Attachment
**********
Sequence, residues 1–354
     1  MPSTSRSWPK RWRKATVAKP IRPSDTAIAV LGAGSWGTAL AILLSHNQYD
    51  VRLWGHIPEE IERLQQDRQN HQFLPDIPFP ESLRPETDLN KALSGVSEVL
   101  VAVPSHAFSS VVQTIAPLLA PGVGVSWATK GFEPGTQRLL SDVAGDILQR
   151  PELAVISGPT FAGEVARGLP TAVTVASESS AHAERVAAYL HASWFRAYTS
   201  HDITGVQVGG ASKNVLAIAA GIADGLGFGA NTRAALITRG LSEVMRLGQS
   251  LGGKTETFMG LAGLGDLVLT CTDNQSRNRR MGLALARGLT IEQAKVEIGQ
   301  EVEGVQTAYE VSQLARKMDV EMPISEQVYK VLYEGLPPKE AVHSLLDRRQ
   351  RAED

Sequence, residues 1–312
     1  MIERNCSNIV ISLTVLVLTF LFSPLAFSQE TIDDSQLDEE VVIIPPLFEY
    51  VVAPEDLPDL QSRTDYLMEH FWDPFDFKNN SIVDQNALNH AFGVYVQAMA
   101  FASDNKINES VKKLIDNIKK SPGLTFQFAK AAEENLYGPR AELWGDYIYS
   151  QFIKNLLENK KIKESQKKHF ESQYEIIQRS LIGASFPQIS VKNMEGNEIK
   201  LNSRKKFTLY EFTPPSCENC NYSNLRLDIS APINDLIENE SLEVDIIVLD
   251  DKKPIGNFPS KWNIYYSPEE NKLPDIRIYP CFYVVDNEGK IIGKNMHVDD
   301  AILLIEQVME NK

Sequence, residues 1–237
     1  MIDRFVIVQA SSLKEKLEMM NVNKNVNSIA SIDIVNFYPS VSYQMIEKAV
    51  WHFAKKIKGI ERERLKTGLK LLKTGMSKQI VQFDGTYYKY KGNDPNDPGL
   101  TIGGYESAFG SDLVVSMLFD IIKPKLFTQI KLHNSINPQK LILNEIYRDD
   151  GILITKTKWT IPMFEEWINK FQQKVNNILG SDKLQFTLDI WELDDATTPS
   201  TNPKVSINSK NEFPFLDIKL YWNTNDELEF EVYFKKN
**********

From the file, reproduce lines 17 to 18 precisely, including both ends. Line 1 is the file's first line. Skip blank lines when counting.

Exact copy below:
   301  AILLIEQVME NK

Sequence, residues 1–237